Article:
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In order to memorize a command, it is usually a good idea to learn where it's name comes from. For example, cp comes from copy. usermod means "User Modifiy" (at least I guess so).

Where does chmod come from, what does it mean?

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Wikipedia is your friend for these: en.wikipedia.org/wiki/Chmod. Believe it or not there are topics for most of the commands. – slm May 9 '14 at 2:09
You are right, it's say so right in the beginning – Felipe May 9 '14 at 2:23
Consult the man pages, there is a wealth of information given in them. In your case, "man chmod". – delta24 May 9 '14 at 3:18
up vote 8 down vote accepted
change mode

It is the full form of the command. So basically you are changing the mode set as something to some other thing.

Read only permission to Read/Write permission, revoking read/write permission to just read only permission etc.

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You're not IMO changing read to write or anything like that. You are just modifying the permissions for read/write/execute. – Pavel Šimerda May 9 '14 at 7:39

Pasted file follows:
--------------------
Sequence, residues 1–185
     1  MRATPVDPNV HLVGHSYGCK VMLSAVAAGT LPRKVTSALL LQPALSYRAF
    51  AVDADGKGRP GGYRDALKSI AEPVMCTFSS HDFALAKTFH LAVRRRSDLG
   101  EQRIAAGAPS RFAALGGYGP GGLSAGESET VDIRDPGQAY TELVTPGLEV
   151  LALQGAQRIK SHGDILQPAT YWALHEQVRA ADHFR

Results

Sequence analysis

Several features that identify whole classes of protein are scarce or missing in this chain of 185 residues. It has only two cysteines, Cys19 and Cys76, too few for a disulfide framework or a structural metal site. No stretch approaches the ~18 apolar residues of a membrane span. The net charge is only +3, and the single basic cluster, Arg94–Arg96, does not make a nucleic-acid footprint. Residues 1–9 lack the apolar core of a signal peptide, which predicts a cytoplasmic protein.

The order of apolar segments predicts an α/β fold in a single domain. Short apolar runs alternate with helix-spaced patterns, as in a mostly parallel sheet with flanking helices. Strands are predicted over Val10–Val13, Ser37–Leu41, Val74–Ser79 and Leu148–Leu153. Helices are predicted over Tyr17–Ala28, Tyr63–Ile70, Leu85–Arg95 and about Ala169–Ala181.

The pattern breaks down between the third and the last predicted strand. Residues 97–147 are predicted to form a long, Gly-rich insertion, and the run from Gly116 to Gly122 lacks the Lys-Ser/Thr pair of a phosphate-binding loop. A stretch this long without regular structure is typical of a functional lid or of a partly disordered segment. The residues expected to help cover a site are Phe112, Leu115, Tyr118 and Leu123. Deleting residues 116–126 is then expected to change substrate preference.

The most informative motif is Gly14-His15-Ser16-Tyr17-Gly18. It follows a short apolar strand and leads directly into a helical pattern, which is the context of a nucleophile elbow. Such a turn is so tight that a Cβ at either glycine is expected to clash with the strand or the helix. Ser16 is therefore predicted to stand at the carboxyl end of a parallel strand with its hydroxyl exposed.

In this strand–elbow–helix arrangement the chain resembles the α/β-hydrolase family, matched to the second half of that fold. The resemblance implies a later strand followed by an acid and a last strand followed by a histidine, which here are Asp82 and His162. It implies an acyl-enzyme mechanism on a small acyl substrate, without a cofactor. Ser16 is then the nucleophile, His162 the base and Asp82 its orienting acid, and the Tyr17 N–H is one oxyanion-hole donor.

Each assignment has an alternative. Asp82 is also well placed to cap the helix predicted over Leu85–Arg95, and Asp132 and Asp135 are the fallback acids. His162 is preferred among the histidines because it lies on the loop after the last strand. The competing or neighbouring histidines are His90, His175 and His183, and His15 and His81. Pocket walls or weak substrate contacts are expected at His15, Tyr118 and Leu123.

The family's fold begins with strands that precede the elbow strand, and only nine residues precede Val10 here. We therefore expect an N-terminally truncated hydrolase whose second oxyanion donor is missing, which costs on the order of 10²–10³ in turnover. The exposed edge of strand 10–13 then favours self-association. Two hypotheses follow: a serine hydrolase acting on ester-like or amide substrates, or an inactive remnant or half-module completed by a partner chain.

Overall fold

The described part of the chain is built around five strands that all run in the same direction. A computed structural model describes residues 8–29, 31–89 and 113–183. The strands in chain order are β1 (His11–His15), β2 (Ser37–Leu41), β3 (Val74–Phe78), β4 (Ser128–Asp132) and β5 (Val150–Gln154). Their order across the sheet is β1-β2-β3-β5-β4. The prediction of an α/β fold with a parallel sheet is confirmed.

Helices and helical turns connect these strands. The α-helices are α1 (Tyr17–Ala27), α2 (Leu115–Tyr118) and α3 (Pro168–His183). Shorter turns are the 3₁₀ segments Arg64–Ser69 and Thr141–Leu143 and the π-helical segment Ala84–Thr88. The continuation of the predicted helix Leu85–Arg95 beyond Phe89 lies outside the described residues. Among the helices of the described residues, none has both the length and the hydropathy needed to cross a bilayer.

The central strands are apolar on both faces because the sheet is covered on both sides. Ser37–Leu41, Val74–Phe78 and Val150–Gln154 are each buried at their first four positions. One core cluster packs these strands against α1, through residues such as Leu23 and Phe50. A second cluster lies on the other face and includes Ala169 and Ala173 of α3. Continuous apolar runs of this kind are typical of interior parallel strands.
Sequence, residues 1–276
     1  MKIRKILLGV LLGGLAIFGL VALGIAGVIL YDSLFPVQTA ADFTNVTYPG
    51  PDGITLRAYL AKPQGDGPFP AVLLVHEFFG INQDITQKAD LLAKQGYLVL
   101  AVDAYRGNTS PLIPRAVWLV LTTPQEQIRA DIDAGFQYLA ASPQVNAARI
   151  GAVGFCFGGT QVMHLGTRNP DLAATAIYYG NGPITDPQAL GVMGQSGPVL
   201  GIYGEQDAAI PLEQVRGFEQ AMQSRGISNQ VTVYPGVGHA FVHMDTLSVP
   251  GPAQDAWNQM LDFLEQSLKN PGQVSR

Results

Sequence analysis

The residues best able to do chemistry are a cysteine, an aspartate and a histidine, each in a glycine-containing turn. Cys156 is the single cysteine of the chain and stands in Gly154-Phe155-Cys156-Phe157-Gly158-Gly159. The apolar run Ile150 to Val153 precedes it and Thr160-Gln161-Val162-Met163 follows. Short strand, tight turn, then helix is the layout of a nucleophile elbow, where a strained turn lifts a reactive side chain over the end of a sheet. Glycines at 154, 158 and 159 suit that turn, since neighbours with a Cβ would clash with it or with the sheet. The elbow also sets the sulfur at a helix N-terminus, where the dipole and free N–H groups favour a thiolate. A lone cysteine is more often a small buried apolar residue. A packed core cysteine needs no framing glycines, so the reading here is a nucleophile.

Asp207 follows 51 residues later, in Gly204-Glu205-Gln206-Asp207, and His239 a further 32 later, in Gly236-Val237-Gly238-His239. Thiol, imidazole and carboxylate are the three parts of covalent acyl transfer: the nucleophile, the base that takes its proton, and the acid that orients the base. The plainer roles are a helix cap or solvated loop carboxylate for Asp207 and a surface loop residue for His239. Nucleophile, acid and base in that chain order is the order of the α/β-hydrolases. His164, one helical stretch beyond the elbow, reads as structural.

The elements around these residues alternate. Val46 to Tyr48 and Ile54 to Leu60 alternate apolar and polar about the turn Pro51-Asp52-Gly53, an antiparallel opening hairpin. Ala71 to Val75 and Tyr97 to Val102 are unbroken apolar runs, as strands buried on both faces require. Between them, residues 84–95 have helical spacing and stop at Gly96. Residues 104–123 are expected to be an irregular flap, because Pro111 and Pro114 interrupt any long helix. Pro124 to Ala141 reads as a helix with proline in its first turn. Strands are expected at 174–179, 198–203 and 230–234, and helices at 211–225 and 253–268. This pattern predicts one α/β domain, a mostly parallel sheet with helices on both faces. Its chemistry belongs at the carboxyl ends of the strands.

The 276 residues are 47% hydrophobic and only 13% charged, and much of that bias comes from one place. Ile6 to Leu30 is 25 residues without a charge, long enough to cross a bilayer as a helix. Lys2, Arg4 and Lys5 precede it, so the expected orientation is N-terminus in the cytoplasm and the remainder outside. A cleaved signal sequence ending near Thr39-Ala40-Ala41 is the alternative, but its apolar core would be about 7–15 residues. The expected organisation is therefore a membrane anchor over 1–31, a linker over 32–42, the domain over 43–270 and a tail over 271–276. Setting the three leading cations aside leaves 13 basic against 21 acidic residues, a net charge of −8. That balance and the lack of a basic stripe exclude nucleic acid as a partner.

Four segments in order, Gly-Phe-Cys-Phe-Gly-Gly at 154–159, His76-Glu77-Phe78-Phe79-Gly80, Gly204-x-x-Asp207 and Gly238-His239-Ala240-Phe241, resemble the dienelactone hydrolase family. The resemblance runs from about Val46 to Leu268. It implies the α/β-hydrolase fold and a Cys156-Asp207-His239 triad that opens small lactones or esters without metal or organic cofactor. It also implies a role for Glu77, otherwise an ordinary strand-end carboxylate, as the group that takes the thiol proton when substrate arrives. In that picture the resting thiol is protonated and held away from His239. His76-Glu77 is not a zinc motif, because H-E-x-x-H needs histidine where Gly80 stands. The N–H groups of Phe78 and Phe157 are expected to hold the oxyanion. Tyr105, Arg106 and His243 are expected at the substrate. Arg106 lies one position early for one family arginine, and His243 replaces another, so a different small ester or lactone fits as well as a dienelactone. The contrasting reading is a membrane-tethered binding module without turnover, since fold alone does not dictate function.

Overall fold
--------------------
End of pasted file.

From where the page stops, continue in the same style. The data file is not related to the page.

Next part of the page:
@PavelŠimerda, Thanks for pointing it out. I have edited the answer :) – Ramesh May 9 '14 at 14:34
When thinking about the terminology, it may also be helpful to know that permissions are stored together with file type (regular-file, directory, pipe, char-device, block-device, etc.) in a single integer field which is usually called the "mode" of the file. (struct stat's st_mode in userspace; struct inode's i_mode in the kernel). – Wumpus Q. Wumbley May 10 '14 at 13:44

CHange MODe.

[root@localhost /]# apropos -e chmod -s 1
chmod (1)            - change file mode bits
[root@localhost /]#
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